6.     Corporate and Financial Stability

When you choose a technology provider you are also choosing a business partner and it is important to consider the financial health and corporate well-being of the company behind the technology. After all supporting and qualifying a new technology is difficult and requires a significant resource investment by the system vendor. You want to make sure that your business partner is financially healthy with a strong leadership team in place and will continue to invest in software and hardware to drive the technology forward. A company that is financially strong with growing revenues and profits has the ability to continue to invest R&D resources to expand application support and develop new technology. It can be a huge setback to find that all of your key contacts at your technology supplier suddenly don’t work there anymore. So when you choose your technology partners consider not just the technology, operational capabilities, and reliability but also the financial health and stability of the companies you work with.

7.     End to End Portfolio

When introducing a new technology it is important that a comprehensive product offering is in place that allows for end to end connectivity. Mellanox has an entire end to end product line including 25, 50, and 100 GbE ConnectX-4/4Lx adapters, Spectrum switches, and LinkX cables that are generally available and shipping in volume. This is important as it allows Mellanox to perform integration and optimization at every level of the product line to ensure that solutions just work. By qualifying our end to end product line we learn a great deal about each individual component which allows us to improve on all fronts.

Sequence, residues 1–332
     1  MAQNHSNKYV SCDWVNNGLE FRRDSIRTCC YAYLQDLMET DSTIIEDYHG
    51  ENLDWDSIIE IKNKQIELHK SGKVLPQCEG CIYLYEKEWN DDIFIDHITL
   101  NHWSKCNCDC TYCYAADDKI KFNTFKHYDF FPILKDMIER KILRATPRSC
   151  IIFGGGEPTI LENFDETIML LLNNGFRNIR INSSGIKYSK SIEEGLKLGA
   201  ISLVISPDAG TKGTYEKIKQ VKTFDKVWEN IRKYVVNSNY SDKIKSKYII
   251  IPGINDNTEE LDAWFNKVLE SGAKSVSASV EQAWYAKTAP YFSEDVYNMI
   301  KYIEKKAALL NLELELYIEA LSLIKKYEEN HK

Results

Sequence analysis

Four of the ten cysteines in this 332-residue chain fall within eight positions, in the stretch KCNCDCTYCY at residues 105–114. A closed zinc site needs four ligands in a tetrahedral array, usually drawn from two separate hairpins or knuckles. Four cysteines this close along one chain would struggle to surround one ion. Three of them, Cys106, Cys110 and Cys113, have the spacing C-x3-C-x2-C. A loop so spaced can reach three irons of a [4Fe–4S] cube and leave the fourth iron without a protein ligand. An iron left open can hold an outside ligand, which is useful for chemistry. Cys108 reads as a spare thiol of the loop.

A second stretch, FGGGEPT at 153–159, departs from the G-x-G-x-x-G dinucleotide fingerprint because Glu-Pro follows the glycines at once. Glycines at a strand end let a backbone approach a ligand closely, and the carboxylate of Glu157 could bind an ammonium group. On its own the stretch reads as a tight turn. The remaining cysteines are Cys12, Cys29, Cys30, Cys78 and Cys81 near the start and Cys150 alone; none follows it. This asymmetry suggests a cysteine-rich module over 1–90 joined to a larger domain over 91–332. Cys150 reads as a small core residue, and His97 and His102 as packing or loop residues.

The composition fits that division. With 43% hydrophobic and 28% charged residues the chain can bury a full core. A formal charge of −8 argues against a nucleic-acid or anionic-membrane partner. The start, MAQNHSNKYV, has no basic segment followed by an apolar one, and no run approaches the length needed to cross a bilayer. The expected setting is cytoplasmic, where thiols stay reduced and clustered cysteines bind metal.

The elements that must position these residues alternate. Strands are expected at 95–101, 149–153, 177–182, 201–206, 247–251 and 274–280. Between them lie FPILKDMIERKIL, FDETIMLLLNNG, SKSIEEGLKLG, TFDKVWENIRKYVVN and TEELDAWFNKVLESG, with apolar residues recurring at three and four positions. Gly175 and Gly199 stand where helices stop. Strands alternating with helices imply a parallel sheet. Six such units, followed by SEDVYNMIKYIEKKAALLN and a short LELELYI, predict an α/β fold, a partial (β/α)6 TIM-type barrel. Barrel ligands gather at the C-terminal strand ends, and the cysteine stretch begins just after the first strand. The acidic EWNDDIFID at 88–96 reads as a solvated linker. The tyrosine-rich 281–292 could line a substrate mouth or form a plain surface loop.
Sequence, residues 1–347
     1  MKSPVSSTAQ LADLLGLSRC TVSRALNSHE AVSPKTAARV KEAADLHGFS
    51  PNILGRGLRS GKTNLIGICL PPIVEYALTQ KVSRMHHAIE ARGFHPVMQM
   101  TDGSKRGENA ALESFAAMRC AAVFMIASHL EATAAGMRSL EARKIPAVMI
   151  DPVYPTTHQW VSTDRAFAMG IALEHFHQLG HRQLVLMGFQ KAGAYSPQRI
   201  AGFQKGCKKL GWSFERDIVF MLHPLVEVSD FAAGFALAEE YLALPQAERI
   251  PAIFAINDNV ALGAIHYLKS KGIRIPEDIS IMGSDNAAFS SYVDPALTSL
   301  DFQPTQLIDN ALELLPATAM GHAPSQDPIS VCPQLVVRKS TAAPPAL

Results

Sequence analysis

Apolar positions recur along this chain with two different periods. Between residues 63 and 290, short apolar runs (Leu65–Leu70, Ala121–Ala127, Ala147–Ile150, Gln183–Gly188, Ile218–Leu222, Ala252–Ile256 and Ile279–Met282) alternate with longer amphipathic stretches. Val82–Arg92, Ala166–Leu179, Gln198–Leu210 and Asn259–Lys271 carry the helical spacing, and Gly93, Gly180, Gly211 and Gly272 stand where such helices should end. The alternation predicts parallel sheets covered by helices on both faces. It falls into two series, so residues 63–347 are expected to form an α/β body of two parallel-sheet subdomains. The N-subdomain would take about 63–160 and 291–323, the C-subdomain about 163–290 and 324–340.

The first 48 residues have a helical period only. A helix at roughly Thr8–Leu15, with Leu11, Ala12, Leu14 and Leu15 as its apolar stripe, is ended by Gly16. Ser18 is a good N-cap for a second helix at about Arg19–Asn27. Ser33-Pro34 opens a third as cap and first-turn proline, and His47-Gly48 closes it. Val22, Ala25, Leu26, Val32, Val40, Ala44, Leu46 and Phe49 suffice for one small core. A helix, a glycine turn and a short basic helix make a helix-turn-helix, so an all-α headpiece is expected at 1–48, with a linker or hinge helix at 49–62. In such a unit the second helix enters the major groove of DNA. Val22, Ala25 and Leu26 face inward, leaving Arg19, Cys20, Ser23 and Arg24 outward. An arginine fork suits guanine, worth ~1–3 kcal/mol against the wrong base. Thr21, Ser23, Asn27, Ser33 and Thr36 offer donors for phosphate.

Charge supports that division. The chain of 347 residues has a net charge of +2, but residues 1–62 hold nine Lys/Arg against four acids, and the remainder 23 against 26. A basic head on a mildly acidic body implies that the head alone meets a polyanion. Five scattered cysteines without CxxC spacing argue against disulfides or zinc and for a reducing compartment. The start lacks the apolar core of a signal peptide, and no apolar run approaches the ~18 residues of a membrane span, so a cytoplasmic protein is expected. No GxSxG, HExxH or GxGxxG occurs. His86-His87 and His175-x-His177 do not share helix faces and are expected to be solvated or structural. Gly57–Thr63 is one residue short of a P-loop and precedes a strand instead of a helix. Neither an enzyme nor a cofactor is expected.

But it is equally important that we have interoperability with the entire 25 Gb/s Ethernet ecosystem. As one of the founding members of the 25Gb Ethernet consortium , a member of the Ethernet Alliance, and a founding member of the RoCE Initiative; Mellanox is committed to compliance and interoperability in order to drive 25Gb/s Ethernet technology forward.

Conclusion

The race to 25G Ethernet technology has just begun and it is important to be a leader and deliver this new technology. However it goes well beyond what a company says, and there are many much more important concerns that saying you are first. Here we’ve outlined seven critical issues to consider that will ultimately determine who the winner is in the race to 25G Ethernet technology. But no matter which provider wins one thing is for certain – 25G Ethernet is a great new technology that delivers compelling value and the customer will win for sure.

 

About Kevin Deierling

Kevin Deierling has served as Mellanox's VP of marketing since March 2013. Previously he served as VP of technology at Genia Technologies, chief architect at Silver Spring Networks and ran marketing and business development at Spans Logic. Kevin has contributed to multiple technology standards and has over 25 patents in areas including wireless communications, error correction, security, video compression, and DNA sequencing. He is a contributing author of a text on BiCmos design. Kevin holds a BA in Solid State Physics from UC Berkeley. Follow Kevin on Twitter: @TechseerKD